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In the World

Abortion foes vow protests in Mexico

MEXICO CITY - Antiabortion activists vowed yesterday to demonstrate outside clinics and publicize the names of doctors who perform abortions now that the Mexico City legislature has legalized the practice.

Foes also promised a Supreme Court battle over the measure, which would legalize abortions in the first 12 weeks of pregnancy. Leftist Mayor Marcelo Ebrard says he will sign the law. It would take effect in 60 days.

The measure has raised church-state tensions in this mostly Catholic nation. - AP

Argentina revokes ex-leaders' pardons

BUENOS AIRES, Argentina - A federal court threw out amnesties yesterday for two leaders of Argentina's military dictatorship, saying they must serve their life terms in prison for crimes against humanity.

Former military president Jorge Videla and Navy chief Eduardo Massera were leading members of the 1976-1983 military junta that waged a "dirty war" against political opponents, seizing and killing about 9,000 people, according to official records. Human-rights groups put the death toll closer to 30,000.

Sentenced to life terms in 1985 after Argentina's return to democracy, Videla and Massera were granted amnesties five years later by President Carlos Menem, who freed them from a military prison.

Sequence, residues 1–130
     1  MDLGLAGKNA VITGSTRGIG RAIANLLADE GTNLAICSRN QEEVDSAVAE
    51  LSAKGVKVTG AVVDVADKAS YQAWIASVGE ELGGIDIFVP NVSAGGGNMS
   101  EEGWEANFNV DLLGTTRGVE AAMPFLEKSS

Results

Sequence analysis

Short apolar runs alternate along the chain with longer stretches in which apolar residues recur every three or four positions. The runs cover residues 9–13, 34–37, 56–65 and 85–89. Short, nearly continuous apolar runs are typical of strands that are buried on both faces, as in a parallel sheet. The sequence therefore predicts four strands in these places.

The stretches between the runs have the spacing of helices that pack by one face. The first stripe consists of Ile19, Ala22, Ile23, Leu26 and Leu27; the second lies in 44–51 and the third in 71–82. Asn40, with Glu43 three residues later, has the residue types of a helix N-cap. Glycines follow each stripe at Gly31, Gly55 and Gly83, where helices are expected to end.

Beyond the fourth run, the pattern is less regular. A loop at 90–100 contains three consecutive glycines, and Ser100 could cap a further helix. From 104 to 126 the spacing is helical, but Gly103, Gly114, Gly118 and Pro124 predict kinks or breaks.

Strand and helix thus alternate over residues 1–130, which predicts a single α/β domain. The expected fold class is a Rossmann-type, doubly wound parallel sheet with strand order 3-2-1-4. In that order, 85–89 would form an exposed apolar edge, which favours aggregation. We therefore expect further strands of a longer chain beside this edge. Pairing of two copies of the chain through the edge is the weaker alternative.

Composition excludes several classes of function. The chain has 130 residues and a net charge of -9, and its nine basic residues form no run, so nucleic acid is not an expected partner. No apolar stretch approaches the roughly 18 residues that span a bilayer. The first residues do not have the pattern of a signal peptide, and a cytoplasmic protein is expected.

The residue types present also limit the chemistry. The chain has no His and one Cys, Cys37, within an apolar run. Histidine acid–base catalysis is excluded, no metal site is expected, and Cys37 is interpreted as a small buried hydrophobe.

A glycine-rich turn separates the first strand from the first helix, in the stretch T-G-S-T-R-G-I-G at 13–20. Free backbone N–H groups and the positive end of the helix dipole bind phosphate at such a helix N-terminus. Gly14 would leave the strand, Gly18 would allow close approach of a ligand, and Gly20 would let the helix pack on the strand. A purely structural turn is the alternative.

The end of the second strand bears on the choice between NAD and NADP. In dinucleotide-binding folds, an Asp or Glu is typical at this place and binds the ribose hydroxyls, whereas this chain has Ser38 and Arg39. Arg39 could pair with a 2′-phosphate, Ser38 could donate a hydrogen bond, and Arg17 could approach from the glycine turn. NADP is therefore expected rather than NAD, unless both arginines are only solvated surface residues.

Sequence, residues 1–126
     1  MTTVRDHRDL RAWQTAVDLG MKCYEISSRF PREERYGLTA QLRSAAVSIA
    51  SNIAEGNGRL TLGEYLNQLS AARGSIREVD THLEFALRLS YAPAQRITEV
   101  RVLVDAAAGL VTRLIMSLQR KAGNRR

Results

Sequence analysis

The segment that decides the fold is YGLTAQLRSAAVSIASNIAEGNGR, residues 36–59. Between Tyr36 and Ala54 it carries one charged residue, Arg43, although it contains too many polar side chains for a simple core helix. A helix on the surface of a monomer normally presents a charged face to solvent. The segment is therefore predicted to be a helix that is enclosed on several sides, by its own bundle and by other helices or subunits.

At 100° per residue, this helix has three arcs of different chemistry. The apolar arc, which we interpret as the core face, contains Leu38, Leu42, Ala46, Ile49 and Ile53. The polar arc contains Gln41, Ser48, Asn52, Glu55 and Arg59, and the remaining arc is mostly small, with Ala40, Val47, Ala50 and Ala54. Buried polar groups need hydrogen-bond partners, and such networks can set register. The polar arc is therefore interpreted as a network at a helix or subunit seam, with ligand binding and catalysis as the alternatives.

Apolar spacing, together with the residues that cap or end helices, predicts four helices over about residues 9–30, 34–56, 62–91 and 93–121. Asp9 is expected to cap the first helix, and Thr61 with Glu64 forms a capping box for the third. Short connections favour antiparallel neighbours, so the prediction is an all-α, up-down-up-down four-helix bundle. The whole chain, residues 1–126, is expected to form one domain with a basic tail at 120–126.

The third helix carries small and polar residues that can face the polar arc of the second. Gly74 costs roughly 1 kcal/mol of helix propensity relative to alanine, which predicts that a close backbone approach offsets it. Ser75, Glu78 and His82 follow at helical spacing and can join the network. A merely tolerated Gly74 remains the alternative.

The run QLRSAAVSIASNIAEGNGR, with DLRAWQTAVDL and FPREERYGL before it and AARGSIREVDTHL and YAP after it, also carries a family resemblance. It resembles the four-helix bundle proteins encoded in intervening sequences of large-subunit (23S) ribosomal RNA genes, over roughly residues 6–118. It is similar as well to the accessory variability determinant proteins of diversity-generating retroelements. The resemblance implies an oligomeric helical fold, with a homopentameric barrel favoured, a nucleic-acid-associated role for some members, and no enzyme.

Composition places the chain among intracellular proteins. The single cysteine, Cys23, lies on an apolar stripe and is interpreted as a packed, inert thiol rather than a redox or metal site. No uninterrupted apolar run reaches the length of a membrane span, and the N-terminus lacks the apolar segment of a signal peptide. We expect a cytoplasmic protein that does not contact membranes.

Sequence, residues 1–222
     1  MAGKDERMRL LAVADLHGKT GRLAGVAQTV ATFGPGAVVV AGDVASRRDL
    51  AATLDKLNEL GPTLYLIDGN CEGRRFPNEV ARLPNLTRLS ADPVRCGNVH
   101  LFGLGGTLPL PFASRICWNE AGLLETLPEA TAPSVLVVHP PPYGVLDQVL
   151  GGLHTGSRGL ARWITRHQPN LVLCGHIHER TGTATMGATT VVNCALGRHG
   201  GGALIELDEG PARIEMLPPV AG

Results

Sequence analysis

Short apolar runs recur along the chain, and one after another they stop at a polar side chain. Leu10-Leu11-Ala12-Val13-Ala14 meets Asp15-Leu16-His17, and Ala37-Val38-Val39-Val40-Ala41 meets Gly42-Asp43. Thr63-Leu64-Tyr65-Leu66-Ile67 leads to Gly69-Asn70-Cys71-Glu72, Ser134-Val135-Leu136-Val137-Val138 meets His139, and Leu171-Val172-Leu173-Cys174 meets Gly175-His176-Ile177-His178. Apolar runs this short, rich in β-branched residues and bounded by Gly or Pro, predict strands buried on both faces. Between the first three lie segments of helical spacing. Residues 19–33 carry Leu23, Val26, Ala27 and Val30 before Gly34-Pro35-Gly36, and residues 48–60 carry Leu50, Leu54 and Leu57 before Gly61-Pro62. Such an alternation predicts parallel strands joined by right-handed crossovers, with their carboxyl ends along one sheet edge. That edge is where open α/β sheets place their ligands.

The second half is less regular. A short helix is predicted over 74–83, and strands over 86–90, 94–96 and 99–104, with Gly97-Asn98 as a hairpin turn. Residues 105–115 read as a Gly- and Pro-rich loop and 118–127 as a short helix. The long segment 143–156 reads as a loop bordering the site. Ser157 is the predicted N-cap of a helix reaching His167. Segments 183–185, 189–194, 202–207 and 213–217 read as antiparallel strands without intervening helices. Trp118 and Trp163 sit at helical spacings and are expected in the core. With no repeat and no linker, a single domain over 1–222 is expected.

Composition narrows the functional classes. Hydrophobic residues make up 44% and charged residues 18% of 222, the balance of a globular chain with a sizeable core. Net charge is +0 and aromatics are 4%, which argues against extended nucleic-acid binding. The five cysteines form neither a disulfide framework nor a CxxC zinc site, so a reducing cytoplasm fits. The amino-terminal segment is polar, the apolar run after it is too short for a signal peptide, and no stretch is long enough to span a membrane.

Yesterday's decision, read to the Associated Press by a clerk for the Federal Criminal Court, declared the amnesties to be unconstitutional.- AP

Japan imposes stricter gun laws

TOKYO - Japan adopted stricter gun-control rules yesterday after a spate of gangster shootings that rattled a nation renowned for crime-free streets.

"Most of the guns that are confiscated in Japan are foreign guns," Deputy Chief Cabinet Secretary Hakubun Shimomura said. "It is important to prevent an influx of these guns from abroad."

The new guidelines for law-enforcement agencies will require foreign aircraft and ships to report more detailed information on their cargo, passengers and crew.

Calls for more gun control intensified after last week's fatal shooting of Nagasaki's mayor, and a gangster attack in a Tokyo suburb.- AP


A former Polish government minister, Barbara Blida, committed suicide in her bathroom yesterday as police searched her house in connection with corruption allegations.

Dozens of foreign and Palestinian journalists held protests on both sides of Israel's border with the Gaza Strip yesterday, calling for the release of a British Broadcasting Corp. correspondent Alan Johnston, 44, who was kidnapped by Palestinian gunmen six weeks ago.

A group of British climate scientists is demanding changes to a skeptical documentary about global warming, saying that grave errors exist in The Great Global Warming Swindle, billed as a response to Al Gore's An Inconvenient Truth.